For more information about the Mesothelioma Applied Research Foundation and how to make a donation, visit them online.

The Foundation also needs volunteers. There are a number of ways you can help, from advocacy efforts to planning a fund-raising event, to simply helping put out the word about mesothelioma and the effects of asbestos exposure. You can find that information on their web site, too.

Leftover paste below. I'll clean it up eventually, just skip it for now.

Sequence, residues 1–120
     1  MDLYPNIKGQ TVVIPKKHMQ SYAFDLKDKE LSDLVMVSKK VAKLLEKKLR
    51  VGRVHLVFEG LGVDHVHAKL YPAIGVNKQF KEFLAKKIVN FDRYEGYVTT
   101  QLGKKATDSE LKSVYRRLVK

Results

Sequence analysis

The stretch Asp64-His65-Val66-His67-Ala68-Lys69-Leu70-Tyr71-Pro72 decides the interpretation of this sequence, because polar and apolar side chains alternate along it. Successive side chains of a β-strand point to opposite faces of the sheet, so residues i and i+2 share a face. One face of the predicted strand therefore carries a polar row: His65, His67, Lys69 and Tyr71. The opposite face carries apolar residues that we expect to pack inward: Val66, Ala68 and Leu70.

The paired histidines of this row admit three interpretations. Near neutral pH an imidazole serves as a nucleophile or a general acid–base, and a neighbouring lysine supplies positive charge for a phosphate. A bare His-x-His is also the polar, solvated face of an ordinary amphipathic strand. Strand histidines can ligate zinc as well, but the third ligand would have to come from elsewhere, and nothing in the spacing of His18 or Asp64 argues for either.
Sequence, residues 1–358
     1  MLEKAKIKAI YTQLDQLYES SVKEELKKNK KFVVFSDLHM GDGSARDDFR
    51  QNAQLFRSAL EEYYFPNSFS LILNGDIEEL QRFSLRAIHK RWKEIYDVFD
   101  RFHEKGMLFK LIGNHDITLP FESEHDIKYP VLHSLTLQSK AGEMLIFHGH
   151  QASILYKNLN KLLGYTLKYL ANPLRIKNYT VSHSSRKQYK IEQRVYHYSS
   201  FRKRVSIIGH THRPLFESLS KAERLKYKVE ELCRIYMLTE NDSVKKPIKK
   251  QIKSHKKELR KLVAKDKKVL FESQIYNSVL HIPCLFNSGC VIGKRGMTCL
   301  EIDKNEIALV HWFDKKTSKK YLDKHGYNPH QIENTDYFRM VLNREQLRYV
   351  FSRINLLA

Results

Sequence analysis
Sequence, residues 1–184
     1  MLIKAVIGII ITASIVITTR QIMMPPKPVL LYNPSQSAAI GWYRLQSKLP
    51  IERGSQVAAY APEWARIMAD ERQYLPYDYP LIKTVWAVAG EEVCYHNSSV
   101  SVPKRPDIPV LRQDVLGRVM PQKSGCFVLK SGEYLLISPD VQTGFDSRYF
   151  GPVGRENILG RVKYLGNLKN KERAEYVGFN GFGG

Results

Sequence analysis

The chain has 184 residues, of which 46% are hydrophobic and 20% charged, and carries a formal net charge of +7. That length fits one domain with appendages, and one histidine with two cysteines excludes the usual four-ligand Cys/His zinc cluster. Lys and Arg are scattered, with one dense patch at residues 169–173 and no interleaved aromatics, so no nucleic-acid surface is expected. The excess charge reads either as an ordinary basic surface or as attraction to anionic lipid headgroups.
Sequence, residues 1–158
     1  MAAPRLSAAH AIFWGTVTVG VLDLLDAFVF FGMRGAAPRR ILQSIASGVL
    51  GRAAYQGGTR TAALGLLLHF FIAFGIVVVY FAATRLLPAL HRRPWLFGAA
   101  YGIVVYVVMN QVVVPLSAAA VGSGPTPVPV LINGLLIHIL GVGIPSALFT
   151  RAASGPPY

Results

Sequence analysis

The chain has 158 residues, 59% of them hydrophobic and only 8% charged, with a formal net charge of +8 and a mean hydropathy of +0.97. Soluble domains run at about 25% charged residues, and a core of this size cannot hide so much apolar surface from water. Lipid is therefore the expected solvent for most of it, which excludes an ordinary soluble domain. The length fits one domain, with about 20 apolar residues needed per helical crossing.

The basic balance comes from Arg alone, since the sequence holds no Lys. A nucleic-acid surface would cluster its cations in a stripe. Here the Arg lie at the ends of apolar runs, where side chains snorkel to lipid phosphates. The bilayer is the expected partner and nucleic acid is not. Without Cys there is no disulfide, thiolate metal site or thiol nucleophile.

This was my first experience at the Symposium, and it was emotionally and intellectually exhausting, and inspiring, and motivating. I met some amazing people who, despite being personally devestated by mesothelioma, are determined to keep fighting. I’m amazed by this great group of folks.

I plan to add many more stories from information presented at the conference, and from the people I met there, in the next several days, so please check back! It’s too much to tell in one post!